See, Stephenson has one great strength–his writing. His absurd, Sam-Spade-on-crack, similies doing things you didn’t think a similie could do, writing. This keeps me endlessly amused. I will put up with remarkably silly plot devices if they’re delivered with that much wit and verve.

He comes up with some neat ideas, too, but let’s face it, neat ideas in the cyberpunk genre are a dime a dozen. You just don’t write the genre unless you have some neat ideas. There are standards to maintain above and beyond the neat idea level. Generally, I’ll grant you, some of his ideas are neat enough to transcend the genre, but still, that’s not the main reason I read.

He has two great weaknesses. He cannot end a book to save his life, for one, and he has an apallingly obnoxious habit of jumping around in chronology like a time traveller with a nervous tic and a bad bladder. An editor had a sacred duty to break him of this habit when it first emerged, and they fell down on the job.

Now, I am shallow, I admit, and I am an egotist of the first water, so I can be easily appeased by a shallow plot as long as it’s elegantly decked out in clever writing that makes me feel smart. Stephenson can do that like nobody’s business.

Unfortunately, he stopped doing that. “Cryptonomicon” had some great moments, but it had a lot of non-moments, and it was a hard slog getting to the fairly unsatisfying ending. But I kept going because of the rare nuggets of brilliant Stephenson writing.

I can’t do that with Quicksilver. We’ve gone several chapters, bounced around in chronology, and had no charming verbal moments to reward me for my ability to multitask the timeline.

Alas. I wanted so much to like it. I love Baroque. I loved Stephenson. But I just can’t manage it. Someday, when I am desperate, I will try again, but for now–in the words of Websnark.com, “You had me and you lost me.”

Originally published at Tea with the Squash God. You can comment here or there.


breeden
ursulav

(no subject)

Has anybody ever heard of Mare's Eggs?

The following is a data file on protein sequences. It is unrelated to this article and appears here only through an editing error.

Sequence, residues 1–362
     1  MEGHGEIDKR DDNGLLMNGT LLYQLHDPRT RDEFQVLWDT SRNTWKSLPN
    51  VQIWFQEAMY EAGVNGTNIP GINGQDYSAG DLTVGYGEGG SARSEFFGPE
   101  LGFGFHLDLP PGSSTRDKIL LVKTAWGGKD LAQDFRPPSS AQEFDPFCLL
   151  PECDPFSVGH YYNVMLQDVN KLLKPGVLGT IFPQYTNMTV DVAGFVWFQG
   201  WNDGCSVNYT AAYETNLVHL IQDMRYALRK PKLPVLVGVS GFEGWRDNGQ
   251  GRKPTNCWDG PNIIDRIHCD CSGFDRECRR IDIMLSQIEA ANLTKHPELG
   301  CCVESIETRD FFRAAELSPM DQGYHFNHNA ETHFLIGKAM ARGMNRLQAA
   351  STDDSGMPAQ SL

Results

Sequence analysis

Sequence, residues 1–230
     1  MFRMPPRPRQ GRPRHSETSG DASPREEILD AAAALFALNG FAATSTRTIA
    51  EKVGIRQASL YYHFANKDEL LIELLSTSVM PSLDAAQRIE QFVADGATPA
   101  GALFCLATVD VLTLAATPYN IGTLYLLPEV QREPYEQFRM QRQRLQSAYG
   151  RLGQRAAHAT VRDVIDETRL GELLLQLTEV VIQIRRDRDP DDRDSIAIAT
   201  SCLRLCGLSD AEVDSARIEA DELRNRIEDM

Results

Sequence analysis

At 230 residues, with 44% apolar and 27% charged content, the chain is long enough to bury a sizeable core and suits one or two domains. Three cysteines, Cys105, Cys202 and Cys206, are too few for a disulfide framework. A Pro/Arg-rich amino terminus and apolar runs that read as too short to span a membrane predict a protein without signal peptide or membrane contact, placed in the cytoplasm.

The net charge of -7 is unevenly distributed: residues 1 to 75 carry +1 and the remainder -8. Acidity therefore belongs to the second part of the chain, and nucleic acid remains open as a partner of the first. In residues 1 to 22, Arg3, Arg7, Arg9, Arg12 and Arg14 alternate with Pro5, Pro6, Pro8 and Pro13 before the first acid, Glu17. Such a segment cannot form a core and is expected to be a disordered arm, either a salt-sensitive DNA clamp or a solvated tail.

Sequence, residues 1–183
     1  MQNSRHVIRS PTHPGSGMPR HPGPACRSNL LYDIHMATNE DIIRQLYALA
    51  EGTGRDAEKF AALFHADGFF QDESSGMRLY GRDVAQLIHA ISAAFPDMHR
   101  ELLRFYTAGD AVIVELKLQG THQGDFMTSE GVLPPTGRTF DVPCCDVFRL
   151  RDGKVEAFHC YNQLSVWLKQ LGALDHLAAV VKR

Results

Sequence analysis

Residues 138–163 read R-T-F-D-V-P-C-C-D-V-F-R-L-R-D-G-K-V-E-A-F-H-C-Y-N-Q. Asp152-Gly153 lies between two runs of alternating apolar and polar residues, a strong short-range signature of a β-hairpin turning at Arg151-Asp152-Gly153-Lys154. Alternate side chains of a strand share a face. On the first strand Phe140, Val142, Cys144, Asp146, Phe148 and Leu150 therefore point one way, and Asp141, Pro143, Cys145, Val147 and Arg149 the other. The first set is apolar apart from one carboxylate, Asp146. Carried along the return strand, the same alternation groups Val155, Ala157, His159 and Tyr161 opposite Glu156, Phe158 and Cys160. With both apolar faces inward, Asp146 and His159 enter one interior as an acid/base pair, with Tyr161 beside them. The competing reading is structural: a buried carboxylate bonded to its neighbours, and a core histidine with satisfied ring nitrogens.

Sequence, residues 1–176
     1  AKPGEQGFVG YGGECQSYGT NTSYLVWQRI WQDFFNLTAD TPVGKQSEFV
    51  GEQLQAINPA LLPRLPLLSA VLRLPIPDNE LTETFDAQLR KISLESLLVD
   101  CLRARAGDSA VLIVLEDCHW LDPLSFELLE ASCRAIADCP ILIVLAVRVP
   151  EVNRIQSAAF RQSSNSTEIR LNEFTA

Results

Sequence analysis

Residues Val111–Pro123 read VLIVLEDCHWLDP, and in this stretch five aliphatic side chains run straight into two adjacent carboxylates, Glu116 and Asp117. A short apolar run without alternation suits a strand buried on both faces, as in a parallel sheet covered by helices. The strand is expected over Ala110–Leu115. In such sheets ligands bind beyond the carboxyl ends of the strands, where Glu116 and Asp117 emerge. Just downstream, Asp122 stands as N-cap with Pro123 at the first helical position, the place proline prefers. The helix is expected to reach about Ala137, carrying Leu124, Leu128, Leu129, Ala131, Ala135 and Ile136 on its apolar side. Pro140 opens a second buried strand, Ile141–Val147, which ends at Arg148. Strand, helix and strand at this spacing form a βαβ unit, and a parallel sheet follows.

According to James, they're a type of weird rare algae that grows in three spots in Oregon where the water never changes temperature more than three degrees and forms large balls that are called, poetically if inaccurately, "mare's eggs."

We can find no photos and very limited on-line resources--enough to show that he's evidentally not hallucinating, but not enough to show me what one looks like.

Given the way my LJ seems to work, however, I would be totally unsurprised to find that one of my readers has, in fact, done their doctoral thesis on it, keeps one as a pet, and wants to commission art of the Mare's Egg Totem, so I figured I'd toss it out there and see if anybody else has heard of 'em.

breeden
ursulav

(no subject)

Has anybody ever heard of Mare’s Eggs?

According to James, they’re a type of weird rare algae that grows in three spots in Oregon where the water never changes temperature more than three degrees and forms large balls that are called, poetically if inaccurately, “mare’s eggs.”

We can find no photos and very limited on-line resources–enough to show that he’s evidentally not hallucinating, but not enough to show me what one looks like.

Given the way my LJ seems to work, however, I would be totally unsurprised to find that one of my readers has, in fact, done their doctoral thesis on it, keeps one as a pet, and wants to commission art of the Mare’s Egg Totem, so I figured I’d toss it out there and see if anybody else has heard of ‘em.

Originally published at Tea with the Squash God. You can comment here or there.